A domain name is a globally unique and specific address for a defined internet space. For example, wordpress.com.
As part of a Uniform Resource Locator (URL), a domain name shows where a resource is located within a hierarchical naming system.
The translation of domains into Internet Protocol (IP) addresses occurs with the support of name servers, which are specialized web servers entrusted with the resolution of the IP address name.
Domain Name Structure (DNS)
A domain’s full name is referred to as its Fully Qualified Domain Name (FQDN). It indicates the exact location of a computer in the DNS hierarchy and consists of two elements: the computer name (host name) and the web address.
In common use, FQDN ends with a “dot” because of the hierarchical structure of the DNS, according to which domains are always distributed beginning from the first level (the root label).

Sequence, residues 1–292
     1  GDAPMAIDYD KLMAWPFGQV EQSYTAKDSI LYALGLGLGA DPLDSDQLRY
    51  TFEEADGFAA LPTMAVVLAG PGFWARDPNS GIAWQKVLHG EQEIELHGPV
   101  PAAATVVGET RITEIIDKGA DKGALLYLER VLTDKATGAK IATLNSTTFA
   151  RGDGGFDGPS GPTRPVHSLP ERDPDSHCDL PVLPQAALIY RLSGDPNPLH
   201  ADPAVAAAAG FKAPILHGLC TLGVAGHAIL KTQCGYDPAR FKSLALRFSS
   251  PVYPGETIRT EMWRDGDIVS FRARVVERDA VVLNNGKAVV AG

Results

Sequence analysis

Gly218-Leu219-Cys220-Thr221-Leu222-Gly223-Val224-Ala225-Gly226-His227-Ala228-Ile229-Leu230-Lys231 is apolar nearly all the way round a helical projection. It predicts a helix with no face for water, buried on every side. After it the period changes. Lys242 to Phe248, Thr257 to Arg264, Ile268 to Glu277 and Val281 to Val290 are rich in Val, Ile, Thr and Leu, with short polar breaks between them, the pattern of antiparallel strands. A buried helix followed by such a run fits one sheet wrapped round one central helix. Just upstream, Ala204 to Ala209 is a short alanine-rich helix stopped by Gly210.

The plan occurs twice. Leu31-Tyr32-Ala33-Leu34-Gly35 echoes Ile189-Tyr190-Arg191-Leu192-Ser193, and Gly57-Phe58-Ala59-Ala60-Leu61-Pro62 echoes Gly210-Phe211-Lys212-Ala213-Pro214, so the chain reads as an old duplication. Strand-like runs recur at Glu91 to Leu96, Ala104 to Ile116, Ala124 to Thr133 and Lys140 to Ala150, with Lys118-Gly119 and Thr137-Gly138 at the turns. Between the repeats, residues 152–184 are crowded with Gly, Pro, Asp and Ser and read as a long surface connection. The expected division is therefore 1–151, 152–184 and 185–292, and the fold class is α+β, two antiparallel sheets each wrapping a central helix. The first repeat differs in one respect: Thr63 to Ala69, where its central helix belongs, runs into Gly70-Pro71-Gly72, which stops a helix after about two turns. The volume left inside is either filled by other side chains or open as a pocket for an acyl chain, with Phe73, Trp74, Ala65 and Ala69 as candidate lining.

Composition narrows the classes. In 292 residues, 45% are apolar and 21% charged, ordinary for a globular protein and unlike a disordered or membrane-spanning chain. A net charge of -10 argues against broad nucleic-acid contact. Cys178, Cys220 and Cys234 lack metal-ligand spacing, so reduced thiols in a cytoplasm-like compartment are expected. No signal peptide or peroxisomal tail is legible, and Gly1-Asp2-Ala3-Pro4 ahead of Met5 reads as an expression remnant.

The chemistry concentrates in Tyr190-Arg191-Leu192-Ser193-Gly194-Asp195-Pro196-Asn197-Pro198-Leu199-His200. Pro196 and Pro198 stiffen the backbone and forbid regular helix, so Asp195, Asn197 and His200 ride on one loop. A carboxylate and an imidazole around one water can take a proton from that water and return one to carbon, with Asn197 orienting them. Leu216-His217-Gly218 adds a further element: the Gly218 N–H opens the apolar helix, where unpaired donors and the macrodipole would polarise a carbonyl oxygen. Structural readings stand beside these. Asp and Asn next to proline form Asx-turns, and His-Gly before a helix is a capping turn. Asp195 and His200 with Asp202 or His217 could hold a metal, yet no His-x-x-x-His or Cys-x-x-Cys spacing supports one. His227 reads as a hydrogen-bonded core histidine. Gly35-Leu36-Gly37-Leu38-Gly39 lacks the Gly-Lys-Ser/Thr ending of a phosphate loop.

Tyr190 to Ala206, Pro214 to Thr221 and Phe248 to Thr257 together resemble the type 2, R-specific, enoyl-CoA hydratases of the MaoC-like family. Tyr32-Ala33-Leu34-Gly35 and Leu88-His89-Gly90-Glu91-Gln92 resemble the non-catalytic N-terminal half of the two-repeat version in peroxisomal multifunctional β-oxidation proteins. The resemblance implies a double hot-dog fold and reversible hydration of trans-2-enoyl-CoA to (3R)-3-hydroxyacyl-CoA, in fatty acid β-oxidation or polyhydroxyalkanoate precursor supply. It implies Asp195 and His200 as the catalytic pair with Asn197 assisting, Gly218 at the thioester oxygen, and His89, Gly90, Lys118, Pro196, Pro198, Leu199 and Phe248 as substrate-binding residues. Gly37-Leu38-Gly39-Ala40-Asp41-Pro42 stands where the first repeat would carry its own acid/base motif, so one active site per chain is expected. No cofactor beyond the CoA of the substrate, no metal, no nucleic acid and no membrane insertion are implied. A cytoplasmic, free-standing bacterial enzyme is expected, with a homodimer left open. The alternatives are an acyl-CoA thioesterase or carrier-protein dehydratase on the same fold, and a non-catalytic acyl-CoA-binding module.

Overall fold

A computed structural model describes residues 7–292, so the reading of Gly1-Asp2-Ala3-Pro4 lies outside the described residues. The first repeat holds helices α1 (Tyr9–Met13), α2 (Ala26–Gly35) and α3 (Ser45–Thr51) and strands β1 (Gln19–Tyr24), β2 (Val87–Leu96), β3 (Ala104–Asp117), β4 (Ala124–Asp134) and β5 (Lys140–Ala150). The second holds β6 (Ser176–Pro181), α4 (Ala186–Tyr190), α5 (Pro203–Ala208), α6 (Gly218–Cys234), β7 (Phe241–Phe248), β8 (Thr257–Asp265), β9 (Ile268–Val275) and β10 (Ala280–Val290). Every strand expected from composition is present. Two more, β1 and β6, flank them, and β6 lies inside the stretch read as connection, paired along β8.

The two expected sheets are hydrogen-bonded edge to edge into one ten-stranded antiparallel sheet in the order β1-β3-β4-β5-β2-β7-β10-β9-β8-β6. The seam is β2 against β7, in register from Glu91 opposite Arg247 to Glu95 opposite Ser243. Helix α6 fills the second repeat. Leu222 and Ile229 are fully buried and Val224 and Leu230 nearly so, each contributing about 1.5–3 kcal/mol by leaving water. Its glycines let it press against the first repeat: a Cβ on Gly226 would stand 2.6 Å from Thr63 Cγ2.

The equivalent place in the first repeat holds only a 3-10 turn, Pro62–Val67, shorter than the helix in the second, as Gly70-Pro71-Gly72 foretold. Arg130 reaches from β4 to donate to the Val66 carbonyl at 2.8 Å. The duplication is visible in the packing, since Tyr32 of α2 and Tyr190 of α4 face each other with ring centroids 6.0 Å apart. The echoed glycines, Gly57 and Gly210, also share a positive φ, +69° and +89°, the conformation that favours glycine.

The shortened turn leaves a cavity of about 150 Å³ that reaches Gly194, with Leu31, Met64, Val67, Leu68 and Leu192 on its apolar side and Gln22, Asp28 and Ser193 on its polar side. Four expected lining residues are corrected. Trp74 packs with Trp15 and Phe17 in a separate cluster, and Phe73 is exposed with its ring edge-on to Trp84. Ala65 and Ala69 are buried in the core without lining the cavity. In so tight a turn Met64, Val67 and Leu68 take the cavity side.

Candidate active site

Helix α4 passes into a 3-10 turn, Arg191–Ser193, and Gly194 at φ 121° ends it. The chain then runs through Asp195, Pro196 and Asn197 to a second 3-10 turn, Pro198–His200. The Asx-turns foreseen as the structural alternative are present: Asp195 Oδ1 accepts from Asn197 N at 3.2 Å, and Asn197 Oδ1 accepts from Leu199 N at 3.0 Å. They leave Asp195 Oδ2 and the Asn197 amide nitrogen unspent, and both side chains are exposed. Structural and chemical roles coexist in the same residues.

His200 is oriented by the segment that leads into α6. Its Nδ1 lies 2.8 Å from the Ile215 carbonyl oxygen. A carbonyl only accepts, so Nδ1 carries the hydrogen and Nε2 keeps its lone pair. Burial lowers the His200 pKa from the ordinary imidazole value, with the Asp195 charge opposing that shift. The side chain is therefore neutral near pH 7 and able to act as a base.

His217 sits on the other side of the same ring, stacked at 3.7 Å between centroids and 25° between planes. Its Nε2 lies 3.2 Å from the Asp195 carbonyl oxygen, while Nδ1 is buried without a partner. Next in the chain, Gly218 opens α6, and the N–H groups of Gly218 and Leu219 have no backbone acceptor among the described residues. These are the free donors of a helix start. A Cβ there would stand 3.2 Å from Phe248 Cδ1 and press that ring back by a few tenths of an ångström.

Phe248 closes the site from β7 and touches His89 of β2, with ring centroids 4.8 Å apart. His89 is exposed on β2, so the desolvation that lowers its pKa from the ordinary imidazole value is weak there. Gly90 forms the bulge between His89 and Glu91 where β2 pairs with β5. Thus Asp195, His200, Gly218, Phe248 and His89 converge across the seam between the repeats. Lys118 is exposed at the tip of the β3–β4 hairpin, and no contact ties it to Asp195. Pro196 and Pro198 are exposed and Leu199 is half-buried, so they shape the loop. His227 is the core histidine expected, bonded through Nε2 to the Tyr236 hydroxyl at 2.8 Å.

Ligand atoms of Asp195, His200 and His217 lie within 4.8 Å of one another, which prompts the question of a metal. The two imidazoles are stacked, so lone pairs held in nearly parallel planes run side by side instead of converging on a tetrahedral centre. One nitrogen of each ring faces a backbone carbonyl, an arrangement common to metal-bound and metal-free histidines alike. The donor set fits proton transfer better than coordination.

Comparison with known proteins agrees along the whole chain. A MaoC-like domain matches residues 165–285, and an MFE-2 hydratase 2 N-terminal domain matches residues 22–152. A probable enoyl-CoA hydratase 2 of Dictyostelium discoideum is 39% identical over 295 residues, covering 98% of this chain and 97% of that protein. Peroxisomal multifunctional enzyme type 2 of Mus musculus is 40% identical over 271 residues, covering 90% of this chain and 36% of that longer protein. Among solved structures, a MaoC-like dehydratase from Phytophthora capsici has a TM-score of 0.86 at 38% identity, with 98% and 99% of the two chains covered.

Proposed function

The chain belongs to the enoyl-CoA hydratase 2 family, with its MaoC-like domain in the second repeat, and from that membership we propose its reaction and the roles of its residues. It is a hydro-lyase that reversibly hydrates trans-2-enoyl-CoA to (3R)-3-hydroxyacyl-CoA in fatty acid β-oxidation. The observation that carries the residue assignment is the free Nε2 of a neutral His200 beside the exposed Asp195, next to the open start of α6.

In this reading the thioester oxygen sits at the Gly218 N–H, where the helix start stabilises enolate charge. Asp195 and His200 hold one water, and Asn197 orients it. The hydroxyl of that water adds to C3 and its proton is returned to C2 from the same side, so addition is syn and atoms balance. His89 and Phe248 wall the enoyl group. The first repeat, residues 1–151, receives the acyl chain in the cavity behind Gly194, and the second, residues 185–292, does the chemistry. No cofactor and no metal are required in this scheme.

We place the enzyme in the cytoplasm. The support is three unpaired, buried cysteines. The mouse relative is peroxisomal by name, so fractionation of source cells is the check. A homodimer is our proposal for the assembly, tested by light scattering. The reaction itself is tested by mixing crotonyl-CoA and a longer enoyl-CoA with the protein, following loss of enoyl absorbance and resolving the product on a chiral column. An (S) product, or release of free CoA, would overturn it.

The highest level of the root of the DNS tree is called the root label. Also known as null label, it is delineated as empty and does not normally appear in internet user applications.
Name servers, on the other hand, must always have the complete FQDN with a “dot” at the end, next to the top-level domain (ns1.wordpress.com).
Top-Level Domain (TLD)
The top-level domain is the last piece of a domain name and represents the highest level in the DNS hierarchy.
TLDs are managed by the Internet Corporation for Assigned Names and Numbers (ICANN), which is also responsible for organizing namespace databases like the generic TLD “.com” and country-specific ones such as “.us” (a complete list of country domains can be found on World Standards).
Second-Level Domain (SLD or 2LD) and SubDomain
The second-level domain defines a freely chosen name within the top-level domain. Third- or fourth-level domain names (and so forth) might also be used to identify further subdivisions of the primary domain.
How to register a domain name
It only takes a few minutes to register your domain name, which will be valid for a specific amount of time (multiples of a year).
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